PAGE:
An Open Letter to DNC Chairman Tom Perez and the Women of the Party

It's Time for Democratic Women to Raise Their Voices and Be Heard

Democratic Women

[Editor’s Note: This piece first appeared on Bros4America contributor Rachel Azzara’s personal blog. At Bros4America, we have long been champions of women’s rights and causes and we welcome and celebrate members from all races, creeds, genders, sexual orientations, and religions. We recently served as organizing partners for the West Hollywood Women’s Leadership Conference and are proud to promote women in government and in media. -AM]

To the honorable Tom Perez,

We are the women of the Resistance, but we are more than that. Likewise, we don’t characterize our work as a ‘revolutionary.’ Despite the intensity and magnitude of the current socioeconomic battles we face, we know it is a continuation of the war we have been diligently fighting for decades. We are the women of and behind the party. We are the women on the ground who work quietly and steadfastly in our communities through countless campaigns, changing issues, and crises. In our wake, our hard-won progress stretches behind us, always precarious, and we work every day to protect and build upon it.

We are grassroots activists, fundraisers, community organizers, advocates, writers, marchers, protesters, mothers, grandmothers, sisters and daughters. We are both teachers and students and know that the struggle for relevancy necessarily happens on the ground. It is in this spirit that we write this letter and raise our voices to be heard.

Unity and Messaging

Two critical issues that cannot be separated are unity and messaging. While we understand the intent behind appointing Bernie Sanders as Democratic Outreach Chair and showcasing him on a Unity Tour, it was always a self-defeating endeavor because Sanders has not actually had control of his ‘movement’ for quite some time. Yes, his words matter, insofar as they reinforce the division of the Left, as they often do, but attempts to bring strategy, unity, or coalition building fall on deaf ears. This is primarily because Sanders is not only a man; he’s also a symbol.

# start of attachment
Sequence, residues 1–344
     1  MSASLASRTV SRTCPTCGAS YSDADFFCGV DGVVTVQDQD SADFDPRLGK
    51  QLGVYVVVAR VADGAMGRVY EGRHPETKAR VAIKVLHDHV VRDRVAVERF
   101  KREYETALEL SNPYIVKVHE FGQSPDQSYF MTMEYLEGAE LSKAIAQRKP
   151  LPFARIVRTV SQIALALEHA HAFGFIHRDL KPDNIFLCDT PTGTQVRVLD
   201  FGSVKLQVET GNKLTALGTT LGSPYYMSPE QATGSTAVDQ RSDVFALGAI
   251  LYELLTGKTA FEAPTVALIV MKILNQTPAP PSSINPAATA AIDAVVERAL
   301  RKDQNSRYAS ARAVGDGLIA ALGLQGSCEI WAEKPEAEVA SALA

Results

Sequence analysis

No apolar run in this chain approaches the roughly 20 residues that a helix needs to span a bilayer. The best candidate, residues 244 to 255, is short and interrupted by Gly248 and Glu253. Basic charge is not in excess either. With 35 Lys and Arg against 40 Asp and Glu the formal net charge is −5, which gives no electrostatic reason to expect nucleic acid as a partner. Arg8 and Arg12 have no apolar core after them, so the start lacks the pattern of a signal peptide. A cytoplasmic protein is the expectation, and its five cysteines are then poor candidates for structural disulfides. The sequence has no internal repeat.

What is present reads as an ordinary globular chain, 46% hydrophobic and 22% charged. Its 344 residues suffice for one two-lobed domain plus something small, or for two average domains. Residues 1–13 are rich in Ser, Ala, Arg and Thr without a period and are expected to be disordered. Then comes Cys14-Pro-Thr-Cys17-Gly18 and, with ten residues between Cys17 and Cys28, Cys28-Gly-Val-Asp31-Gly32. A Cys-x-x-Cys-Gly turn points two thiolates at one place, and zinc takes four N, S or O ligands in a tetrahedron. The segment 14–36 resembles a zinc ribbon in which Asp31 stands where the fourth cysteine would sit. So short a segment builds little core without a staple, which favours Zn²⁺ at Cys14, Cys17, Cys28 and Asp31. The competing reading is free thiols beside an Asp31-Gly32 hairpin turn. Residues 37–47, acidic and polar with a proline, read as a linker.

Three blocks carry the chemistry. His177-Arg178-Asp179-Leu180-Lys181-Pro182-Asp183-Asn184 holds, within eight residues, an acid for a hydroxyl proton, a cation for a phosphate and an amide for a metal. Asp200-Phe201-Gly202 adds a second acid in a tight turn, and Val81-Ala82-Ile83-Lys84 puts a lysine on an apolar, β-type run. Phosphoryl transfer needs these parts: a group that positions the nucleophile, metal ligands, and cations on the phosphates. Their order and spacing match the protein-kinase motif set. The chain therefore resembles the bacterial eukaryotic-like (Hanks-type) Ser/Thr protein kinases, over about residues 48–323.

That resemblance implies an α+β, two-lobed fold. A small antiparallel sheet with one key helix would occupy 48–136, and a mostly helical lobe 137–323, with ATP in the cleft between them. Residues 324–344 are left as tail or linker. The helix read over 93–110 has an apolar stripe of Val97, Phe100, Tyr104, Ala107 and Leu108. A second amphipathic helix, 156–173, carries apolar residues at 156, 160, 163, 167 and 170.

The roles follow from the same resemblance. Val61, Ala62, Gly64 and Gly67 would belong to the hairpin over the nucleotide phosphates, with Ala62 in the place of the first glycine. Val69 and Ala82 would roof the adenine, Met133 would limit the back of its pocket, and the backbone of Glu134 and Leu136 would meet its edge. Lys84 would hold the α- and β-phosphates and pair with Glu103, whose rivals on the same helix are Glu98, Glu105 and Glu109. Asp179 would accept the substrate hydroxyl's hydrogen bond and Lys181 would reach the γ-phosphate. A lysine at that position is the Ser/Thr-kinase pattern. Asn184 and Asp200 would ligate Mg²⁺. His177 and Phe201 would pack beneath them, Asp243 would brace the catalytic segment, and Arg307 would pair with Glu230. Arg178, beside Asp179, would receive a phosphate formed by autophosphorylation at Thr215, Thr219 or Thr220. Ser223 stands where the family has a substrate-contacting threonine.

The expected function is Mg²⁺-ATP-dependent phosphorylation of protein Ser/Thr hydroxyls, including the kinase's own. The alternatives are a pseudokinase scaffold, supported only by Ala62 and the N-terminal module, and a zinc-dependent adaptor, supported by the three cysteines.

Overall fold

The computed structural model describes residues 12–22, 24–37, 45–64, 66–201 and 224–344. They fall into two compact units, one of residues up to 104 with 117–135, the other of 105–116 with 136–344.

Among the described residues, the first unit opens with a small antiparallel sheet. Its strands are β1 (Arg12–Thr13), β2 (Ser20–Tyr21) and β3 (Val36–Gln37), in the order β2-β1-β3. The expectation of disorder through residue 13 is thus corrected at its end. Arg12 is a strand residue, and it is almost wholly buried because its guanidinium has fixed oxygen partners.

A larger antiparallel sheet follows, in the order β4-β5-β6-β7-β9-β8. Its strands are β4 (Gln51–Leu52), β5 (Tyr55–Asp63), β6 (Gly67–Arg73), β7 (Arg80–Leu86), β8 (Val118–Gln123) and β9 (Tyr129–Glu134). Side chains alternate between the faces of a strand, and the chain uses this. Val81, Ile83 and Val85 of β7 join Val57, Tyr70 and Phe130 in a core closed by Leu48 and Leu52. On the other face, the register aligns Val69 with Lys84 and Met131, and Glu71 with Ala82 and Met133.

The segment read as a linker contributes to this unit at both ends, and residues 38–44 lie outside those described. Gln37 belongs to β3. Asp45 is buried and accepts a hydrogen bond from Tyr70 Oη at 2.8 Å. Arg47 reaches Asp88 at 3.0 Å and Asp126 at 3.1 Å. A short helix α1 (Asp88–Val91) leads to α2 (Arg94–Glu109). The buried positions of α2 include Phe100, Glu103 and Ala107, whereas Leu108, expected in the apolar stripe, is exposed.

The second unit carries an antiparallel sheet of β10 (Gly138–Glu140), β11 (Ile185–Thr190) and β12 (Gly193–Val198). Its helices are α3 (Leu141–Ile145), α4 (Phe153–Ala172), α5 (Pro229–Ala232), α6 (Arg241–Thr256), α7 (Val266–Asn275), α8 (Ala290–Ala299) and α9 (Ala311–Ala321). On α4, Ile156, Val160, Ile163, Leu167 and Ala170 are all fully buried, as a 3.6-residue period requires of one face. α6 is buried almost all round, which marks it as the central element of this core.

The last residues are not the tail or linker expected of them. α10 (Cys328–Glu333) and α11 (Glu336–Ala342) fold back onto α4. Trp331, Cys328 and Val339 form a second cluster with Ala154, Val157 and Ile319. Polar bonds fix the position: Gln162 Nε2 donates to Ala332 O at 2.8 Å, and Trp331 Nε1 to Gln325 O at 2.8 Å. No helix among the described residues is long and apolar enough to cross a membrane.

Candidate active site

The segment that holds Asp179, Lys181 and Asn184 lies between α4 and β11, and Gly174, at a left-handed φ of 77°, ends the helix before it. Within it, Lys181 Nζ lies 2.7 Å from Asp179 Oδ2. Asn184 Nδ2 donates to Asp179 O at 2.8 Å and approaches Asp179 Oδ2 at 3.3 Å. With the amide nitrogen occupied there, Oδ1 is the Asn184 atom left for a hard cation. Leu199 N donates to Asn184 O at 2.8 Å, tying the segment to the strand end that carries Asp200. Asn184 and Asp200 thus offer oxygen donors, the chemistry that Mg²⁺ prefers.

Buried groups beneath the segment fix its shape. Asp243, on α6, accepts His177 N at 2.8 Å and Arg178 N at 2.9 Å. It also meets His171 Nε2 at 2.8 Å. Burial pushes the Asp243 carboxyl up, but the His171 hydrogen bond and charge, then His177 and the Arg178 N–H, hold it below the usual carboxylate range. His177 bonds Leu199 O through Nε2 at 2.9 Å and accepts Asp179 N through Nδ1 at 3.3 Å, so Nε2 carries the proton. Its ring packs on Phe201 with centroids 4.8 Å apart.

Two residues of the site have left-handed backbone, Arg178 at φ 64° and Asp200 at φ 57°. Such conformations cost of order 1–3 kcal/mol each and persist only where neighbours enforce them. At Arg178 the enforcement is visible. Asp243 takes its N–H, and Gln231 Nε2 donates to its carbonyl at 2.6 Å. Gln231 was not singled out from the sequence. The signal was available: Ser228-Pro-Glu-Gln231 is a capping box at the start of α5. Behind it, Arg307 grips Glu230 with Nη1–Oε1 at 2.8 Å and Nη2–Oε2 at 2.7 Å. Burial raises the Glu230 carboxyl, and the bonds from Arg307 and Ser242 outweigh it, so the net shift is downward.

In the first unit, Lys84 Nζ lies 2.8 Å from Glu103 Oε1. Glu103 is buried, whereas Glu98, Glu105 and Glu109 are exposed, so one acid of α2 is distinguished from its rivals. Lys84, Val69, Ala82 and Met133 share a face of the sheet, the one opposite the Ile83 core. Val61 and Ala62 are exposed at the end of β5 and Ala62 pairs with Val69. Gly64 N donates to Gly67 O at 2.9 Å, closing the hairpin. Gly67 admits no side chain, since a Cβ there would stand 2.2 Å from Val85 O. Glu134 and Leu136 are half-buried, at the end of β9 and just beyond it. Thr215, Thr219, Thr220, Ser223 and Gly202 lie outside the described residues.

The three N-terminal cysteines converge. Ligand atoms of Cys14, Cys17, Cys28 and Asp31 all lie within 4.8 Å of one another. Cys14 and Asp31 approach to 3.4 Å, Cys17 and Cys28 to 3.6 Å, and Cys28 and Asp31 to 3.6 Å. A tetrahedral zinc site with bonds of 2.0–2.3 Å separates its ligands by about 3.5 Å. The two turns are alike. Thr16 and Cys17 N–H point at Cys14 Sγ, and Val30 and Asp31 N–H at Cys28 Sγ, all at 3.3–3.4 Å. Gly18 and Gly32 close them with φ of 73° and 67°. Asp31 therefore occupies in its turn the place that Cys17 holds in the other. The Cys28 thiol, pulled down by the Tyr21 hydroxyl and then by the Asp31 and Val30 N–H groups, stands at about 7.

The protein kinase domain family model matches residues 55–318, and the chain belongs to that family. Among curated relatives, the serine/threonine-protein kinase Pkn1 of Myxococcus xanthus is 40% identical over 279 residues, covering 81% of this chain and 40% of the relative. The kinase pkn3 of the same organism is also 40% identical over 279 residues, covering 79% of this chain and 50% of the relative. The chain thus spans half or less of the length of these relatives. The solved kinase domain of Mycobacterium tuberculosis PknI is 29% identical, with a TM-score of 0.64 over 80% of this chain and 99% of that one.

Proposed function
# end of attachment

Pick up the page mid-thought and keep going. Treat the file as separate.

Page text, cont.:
Of course, he didn’t start out that way. Sanders, the man, ignited the excitement and political interest of a great many people — especially Millennials. He appealed to them emotionally on issues that resonated with them. He tapped into the passionate idealism of youth. He stoked the fires of righteous indignation and it was largely successful, for good reason. In fact, there is a great deal to learn here in terms of effective messaging. Unfortunately, he also roused the image of a revolution, and the implied instant gratification that accompanies it. We, of course, knew better. Bernie’s idealism is no different from the idealism in our own hearts, but we can’t afford to behave as if we don’t understand the battlefield and the spectrum of views and circumstances that span the nation.

JOSH EDELSON/AFP/GETTY IMAGES
JOSH EDELSON/AFP/GETTY IMAGES

This Is Not Normal

The normal outcome, if there even is a normal anymore, would have been for Sanders and his supporters to refocus their efforts on electing the Democratic nominee after his primary loss. We appreciate that many did, but several factors came together to transition Sanders into a symbol of division in the “Left,” not the least of which was Bernie’s own constant criticism of the party whose nomination he sought for President. Russian interference acted as an accelerant, simultaneously chipping away at the Democratic Party and fostering division by targeting the Far Left.

Human nature being what it is, the Far Left is no more ready to admit they were targeted than the Right. If anything, knowledge of Russian influence is resulting in even more obstinacy and ire. Post-primary, a single image of Bernie speaks volumes about one’s political frame of reference, not just on issues, but against what they have come to believe about the Democratic Party as an obstacle to and adversary of their goals. For those of us who have actually fought in the trenches for equity and justice, this is extremely frustrating, yet we acknowledge the need for change and improvement in messaging, outreach and visibility.